The above two individuals are engaged in contest to see who can dispose of the deficit the quicker. Here is a simple explanation as to why the contest is pointless (which in turn is a simple exposition of Keynes’s basic ideas which in turn are much the same as Modern Monetary Theory).
If the private sector doesn’t spend at a rate that brings full employment, a solution is to get the public sector to spend more, or “net-spend” to be more to be exact. That is, the extra net spending can take the form of more public spending or reduced tax, or a bit of both. Whichever option is chosen, household incomes and bank balances rise, and (revelation of the century), that causes household spending to rise, which raises demand.
In short, the deficit needs to be whatever brings full employment. Or as Keynes put it: “Look after unemployment, and the budget will look after itself.”
Ergo AIMING FOR ANY SPECIFIC AMOUNT OF SURPLUS OR DEFICIT IN TWO OR THREE OR FIVE YEARS TIME IS FATUOUS. IF THE PRIVATE SECTOR IS IN SUBDUED MOOD IN THREE YEARS TIME, THE DEFICIT WILL NEED TO CONTINUE. IF NOT, IT WON’T, OR AT LEAST THE DEFICIT WON’T NEED TO BE AS LARGE.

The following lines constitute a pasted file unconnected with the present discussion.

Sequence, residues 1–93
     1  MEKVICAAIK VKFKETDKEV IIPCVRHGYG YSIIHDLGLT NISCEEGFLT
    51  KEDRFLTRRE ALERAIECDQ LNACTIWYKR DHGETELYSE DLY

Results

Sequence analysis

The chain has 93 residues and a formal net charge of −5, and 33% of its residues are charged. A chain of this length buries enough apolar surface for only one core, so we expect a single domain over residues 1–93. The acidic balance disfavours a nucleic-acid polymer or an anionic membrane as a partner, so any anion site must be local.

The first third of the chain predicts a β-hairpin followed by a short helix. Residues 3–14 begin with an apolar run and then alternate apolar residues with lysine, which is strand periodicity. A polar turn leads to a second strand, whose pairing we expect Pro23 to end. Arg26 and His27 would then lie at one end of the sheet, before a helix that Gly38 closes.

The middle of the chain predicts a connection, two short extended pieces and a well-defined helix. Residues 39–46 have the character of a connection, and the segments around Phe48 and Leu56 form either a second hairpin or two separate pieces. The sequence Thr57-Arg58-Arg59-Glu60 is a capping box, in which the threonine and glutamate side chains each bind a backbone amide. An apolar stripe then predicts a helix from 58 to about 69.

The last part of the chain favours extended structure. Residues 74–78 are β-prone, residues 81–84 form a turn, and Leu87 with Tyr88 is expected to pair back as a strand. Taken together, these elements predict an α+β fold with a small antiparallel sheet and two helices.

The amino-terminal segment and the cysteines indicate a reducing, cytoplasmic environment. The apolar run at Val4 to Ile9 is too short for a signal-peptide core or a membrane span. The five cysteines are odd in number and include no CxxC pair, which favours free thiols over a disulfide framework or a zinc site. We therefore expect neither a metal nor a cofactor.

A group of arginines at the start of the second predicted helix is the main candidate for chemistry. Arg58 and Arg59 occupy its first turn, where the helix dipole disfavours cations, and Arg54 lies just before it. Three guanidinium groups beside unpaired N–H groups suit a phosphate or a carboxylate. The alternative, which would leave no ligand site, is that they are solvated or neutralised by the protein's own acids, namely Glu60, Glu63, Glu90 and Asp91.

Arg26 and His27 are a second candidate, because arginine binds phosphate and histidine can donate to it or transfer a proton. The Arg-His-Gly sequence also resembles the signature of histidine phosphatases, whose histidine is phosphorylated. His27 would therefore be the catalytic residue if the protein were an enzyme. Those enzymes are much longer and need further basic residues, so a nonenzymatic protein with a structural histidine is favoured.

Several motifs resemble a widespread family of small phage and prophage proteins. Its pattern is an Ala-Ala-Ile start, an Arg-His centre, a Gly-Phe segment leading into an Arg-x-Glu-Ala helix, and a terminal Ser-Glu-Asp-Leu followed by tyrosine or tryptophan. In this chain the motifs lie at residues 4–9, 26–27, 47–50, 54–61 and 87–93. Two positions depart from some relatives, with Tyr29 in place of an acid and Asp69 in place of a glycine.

As to the alleged problem that a continuous deficit leads to an ever expanding national debt, that’s not true in that the debt is continually being eaten away by inflation. But if the debt DOES RISE relative to GDP, won’t creditors demand an elevated rate of interest? Well if they do, there’s a simple solution: DON’T BORROW!!!!!
That is: print money instead. Indeed Keynes (famous economist who political leaders and their advisors apparently haven’t heard of) said that printing was a perfectly viable alternative to borrowing.
And of course whenever the words “print” and “money” appear in the same sentence, a host of economic illiterates appear from nowhere and start chanting “inflation”. Well the answer that is that if a deficit is needed, that means demand is inadequate, and inflation (demand pull inflation at least) is not going to become excessive when demand is inadequate.